A Poem for Renisha McBride

Renisha McBride


Hopefully, you have been following the trial of Theodore Wafer, a Michigan man, who killed 19 year old Renisha McBride last fall when she came to his door in the early morning hours after a car accident begging for help. He shot and killed her through a locked door, because he claims he felt afraid. Local residents in Detroit, marched and rallied on Renisha’s behalf and ensured her killer was brought to trial. But there has been no national outrage of the sort we saw last year with Trayvon Martin and Jordan Davis. Wafer’s attorney has attempted to prove that Renisha was “up to no good,” citing alcohol and drug use.  It simply remains unclear to me how drinking, smoking, and then needing help, constitute a crime worthy of being shot in the head and left to die on a random man’s  porch. Renisha’s life meant something, and she deserved so much better than to be shot down on a cold Michigan morning, because she found herself in need of something we all will need eventually: help.

Between Gaza, Boko Haram, mass deportations, and the indiscriminate killing of Black folks by police, these are scary times in which we are living. We hope you are all taking care of yourselves, being gentle with yourselves and each other, seeking out and giving your energy to the things that matter.

In the immortal words of Tupac, Keep Ya Head Up.

Now, I want to share with you this poem, that I received after I did a recent appearance on HuffPost Live with Marc Lamont Hill to discuss Wafer’s trial.


Renisha McBride

by Sheree Renée Thomas 

“We don’t see black women as women, so they don’t get the traditional protections of femininity…”—Dr. Brittney Cooper, aka Professor Crunk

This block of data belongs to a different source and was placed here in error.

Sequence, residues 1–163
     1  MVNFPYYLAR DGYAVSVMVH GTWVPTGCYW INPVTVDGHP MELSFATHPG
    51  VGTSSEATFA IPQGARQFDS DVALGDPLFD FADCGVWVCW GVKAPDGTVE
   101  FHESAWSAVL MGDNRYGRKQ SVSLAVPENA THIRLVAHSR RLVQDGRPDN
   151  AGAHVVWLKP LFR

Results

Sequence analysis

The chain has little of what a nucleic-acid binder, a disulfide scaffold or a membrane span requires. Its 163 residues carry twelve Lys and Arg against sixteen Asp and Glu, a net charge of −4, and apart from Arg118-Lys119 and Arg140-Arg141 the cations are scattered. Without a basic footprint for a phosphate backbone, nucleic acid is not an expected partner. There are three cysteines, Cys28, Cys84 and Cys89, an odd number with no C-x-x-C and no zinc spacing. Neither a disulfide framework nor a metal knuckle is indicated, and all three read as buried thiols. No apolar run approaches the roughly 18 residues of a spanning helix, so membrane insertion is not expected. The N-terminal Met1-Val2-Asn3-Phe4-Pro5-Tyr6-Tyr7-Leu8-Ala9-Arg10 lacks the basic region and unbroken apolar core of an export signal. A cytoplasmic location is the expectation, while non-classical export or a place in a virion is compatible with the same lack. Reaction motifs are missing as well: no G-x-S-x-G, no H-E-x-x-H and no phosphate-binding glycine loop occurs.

They say Medusa

was once so beautiful

a goddess envied her

drove her from

her sisters’ side

and stole her grace


Was it her dark skin, the color

of sun-ripened flesh?


Was it her locs

that writhed and swung free

with their own breath?


Banished from her throne

to lie beneath another’s heel

time ravaged her birthright

so that her very name

intoned fear

a fear that echoed

through the ages


Medusa, Renisha


What kind of fear

flings open

a closed, locked door

and blasts the head off

a lone black woman?


What kind of fear


in the witching hours

before dawn?


What kind of fear

pulls one from sleep

and blinds both eyes

to the humanity

that lives within

all skin?


What kind of fear

finds it reasonable

and honest to leap

from lending a hand

to triggering the finger

that kills?

and still

Medusa belongs nowhere


Is there a space where she belongs?

Is there a corner of a dark cave

she is free to cling to?

Where may she find

empathy, peace?



one of triple moons

the goddess of renewal

and strength

She is bereft of her sisters

and we her sisters

mourn her loss



10 thoughts on “A Poem for Renisha McBride

  1. “there has been no national outrage of the sort we saw last year with Trayvon Martin and Jordan Davis”
    So powerful, Dr. Crunk, and yet so disheartening in the truth behind your words. The legality of the structural and direct violence perpetrated against young people of color in the media every day demands change, but most, I think, understand that this falls on deaf ears; where little is expected from folks in power and more is commanded of everybody else to step up their game to fight for change. From Sakia Gunn to Renisha McBride however a deeper discussion needs to be had in the Black community to address the disturbing difference in outrage and response indicative of who “[deserves] so much better.” Just saying.